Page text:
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Monday, 25 June 2018
Page: 3861

Senator RUSTON (South AustraliaAssistant Minister for Agriculture and Water Resources) (21:01): The government does not support the amendment that's been put forward by the Greens, because we believe that the amendment is both unwarranted and unnecessary. The 450 gigalitres has frequently and often been guaranteed by this government, and I think that Senator Hanson-Young is being a little disingenuous in not acknowledging the fact that the Prime Minister, the previous water minister and the current water minister and I have continually reaffirmed the intention of the federal government to deliver the Murray-Darling Basin Plan in full.

Senator Hanson-Young interjecting

Senator RUSTON: I'll take Senator Hanson-Young's interjection. She just yelled out, 'Well, put it in law.' I draw to the attention of Senator Hanson-Young the Water for the Environment Special Account act, and I quote:

(3) The object of this Part is to be achieved by:

…   …   …

(b) increasing the volume of the Basin water resources that is available for environmental use by up to 450 gigalitres.

It's quite clearly written into the special account. So it is already enshrined in legislation that we are required to deliver on the 450 gigalitres.

Senator Hanson-Young's amendment seeks to remove the requirement of the plan to get the water for the environment that is outlined here—the 450 gigalitres of water—from efficiency measures with neutral or beneficial socioeconomic outcomes. I would have thought that to do so was entirely responsible and sensible government. To actually go out and say that we're going to take 450 gigalitres of water without any regard whatsoever for the socioeconomic impact on the communities that rely on this river is, I think, tremendously irresponsible.

Senator Hanson-Young interjecting

Senator RUSTON: I hear Senator Hanson-Young continuously objecting. We have worked very hard on this, and I thank the opposition for coming on this journey. We've been on this journey together since the plan was first agreed and we continue to work together. The opposition and the government are on a unity ticket in making sure that we actually improve the environmental outcomes for the river as well as take into account the impact that this water recovery is having on our river communities. We in the government—and I'm assuming that the opposition is the same—believe that you can walk and chew gum at the same time. You don't just have to take water for one reason; you can do so without causing severe economic and social impacts on the people who are directly impacted.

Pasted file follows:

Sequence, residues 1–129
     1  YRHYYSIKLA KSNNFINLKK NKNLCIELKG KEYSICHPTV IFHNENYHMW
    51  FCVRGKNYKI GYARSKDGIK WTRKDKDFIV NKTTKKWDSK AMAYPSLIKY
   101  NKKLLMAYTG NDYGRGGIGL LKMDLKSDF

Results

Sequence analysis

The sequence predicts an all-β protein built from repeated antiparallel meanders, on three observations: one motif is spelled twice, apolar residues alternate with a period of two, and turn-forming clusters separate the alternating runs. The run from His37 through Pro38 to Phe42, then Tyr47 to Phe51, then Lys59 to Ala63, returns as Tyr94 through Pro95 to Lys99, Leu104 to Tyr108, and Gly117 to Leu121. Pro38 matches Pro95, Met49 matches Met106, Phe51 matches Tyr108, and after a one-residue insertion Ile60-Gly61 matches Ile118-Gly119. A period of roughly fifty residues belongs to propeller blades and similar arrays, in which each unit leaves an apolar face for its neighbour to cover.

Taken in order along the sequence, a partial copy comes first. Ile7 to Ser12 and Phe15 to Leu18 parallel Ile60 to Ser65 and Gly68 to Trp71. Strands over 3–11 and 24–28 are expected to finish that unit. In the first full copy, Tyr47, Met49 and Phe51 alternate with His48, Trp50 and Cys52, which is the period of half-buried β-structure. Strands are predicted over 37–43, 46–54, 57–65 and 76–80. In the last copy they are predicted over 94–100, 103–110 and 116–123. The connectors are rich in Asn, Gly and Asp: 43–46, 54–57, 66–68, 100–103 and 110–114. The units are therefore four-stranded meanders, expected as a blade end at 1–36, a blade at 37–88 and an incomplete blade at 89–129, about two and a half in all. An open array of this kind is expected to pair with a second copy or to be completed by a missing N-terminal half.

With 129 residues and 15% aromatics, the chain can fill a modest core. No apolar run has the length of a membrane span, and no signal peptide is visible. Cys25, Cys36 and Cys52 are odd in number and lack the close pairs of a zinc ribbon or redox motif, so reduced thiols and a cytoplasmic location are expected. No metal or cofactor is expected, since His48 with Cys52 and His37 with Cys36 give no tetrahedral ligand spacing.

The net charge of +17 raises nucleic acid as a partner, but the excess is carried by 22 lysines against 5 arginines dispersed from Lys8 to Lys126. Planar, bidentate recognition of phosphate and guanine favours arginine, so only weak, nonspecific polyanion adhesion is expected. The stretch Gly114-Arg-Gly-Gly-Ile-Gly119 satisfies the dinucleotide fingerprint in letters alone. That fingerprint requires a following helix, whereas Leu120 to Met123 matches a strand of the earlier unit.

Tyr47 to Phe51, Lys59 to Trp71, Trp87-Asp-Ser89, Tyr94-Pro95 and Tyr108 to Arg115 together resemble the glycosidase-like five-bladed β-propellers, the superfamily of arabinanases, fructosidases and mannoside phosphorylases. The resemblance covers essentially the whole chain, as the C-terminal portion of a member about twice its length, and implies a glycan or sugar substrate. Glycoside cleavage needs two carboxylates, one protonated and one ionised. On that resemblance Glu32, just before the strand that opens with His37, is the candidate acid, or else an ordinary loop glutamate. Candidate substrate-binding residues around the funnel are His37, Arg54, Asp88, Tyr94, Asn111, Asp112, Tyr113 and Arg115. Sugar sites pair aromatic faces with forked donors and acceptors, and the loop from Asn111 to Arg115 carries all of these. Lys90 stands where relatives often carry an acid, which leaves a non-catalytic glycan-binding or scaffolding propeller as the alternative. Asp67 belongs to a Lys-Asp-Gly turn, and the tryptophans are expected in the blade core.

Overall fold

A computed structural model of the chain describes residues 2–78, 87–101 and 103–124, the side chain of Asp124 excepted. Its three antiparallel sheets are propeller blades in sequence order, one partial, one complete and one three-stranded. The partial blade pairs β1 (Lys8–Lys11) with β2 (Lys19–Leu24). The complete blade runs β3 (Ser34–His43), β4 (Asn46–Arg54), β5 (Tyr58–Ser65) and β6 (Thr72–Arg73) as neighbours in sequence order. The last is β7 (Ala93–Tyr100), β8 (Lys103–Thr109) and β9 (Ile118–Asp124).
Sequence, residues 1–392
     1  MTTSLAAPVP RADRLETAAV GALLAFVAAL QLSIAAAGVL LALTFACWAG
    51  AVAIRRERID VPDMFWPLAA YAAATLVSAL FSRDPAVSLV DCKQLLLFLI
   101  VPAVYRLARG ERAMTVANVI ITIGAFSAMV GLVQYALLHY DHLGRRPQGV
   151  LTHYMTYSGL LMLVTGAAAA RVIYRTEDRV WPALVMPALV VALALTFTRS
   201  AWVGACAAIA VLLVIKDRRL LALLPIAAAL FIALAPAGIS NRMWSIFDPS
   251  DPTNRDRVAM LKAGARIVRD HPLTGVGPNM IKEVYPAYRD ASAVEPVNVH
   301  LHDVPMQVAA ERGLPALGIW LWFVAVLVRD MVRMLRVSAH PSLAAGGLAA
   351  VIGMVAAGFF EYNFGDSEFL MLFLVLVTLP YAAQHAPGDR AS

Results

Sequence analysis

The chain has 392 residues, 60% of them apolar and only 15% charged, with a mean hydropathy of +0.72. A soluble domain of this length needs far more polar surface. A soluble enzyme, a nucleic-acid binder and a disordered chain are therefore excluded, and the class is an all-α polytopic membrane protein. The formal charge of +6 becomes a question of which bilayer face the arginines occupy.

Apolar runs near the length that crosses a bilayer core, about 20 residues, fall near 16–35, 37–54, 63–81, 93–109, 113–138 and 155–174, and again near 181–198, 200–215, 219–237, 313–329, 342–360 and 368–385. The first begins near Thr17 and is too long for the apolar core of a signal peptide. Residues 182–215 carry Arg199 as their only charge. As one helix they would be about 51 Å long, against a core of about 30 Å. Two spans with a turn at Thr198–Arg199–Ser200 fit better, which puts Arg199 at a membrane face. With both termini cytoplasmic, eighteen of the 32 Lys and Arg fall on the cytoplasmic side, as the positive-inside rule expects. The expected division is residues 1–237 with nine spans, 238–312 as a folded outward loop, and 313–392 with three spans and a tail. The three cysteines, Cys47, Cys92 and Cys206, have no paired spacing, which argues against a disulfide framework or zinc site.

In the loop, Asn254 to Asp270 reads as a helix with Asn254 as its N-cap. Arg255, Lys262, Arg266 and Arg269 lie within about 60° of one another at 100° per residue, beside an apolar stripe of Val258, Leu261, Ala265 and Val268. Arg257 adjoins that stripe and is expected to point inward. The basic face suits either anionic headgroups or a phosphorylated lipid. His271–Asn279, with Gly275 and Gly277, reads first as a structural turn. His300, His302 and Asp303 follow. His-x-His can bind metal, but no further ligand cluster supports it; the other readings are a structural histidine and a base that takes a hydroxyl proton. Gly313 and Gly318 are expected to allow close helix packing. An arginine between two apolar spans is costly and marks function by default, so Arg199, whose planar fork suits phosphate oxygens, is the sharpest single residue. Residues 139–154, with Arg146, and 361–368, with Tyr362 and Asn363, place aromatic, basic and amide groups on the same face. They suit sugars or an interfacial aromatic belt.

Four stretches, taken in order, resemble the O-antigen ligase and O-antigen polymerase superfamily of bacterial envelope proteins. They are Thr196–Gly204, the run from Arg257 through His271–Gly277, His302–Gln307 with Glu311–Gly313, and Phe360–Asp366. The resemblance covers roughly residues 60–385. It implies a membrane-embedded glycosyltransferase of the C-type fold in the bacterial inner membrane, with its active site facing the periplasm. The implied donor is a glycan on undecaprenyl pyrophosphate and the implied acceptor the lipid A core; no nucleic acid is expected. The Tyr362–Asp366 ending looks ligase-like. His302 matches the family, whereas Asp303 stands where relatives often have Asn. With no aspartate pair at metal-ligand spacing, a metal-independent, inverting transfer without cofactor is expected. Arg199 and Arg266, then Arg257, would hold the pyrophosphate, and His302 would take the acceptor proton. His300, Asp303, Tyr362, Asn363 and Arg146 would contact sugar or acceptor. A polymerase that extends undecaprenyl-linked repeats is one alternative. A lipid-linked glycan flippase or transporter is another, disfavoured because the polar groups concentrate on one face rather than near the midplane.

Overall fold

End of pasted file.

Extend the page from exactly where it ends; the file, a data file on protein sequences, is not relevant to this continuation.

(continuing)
I would point out to Senator Hanson-Young that I am the irrigator in this chamber. I am a senator for South Australia—as Senator Hanson-Young is—and I have seen firsthand the impact that the water extraction has had on my community. I can assure Senator Hanson-Young that there are other communities that are a lot worse off than the community I live in and that there has been a lot of pain.

We are committed to the delivery of the whole plan. Senator Hanson-Young and the Greens might like to think that the plan is something that they've conjured up with the science that they want to listen to, but the Basin Plan is actually a plan that is made up of a number of components. It's made up of 2,750 gigalitres of water, which is the gap water. This is the base water, much of which has been achieved. There is another 450 gigalitres of efficiency water, for which we are debating this amendment. There is 605 gigalitres that was enshrined last week by amendment, which is the sustainable diversion adjustment mechanism, which allows us to achieve the same environmental outcomes without having to take water out of these communities. I would have thought Senator Hanson-Young and the Greens would have thought it was a really good idea to deliver the same outcome without actually taking more water out of our communities. Today we are seeking to remake an amendment to enable the northern basin to have the same privilege as the southern basin, and that is to be able to deliver their environmental outcomes in the northern basin without having the guts written out of their communities.

What we're saying is that we wish to continue with the delivery of the plan in full. That's a 3,200-gigalitre plan—if I add 2,750 and 450 I get to 3,200—so one could suggest that we're not moving away from the commitment of the 450. But we're not going to do it without regard for the communities. We are very serious about looking after our river communities into the future. Today before the chamber is a very significant and important amendment to this bill that will enable us to honour one part of the Murray-Darling Basin Plan. This is not an opportunity, as Senator Hanson-Young is choosing to take, to revisit the Basin Plan. This was agreed by all the states and territories and the federal government back in 2012, and we are not seeking to re-prosecute it. What we are seeking to do today is deliver that plan. I commend the bill to the House. We will not be supporting the amendment by the Greens.

The TEMPORARY CHAIR ( Senator Reynolds ): The question is that amendment (1) on sheet 8444 be agreed to.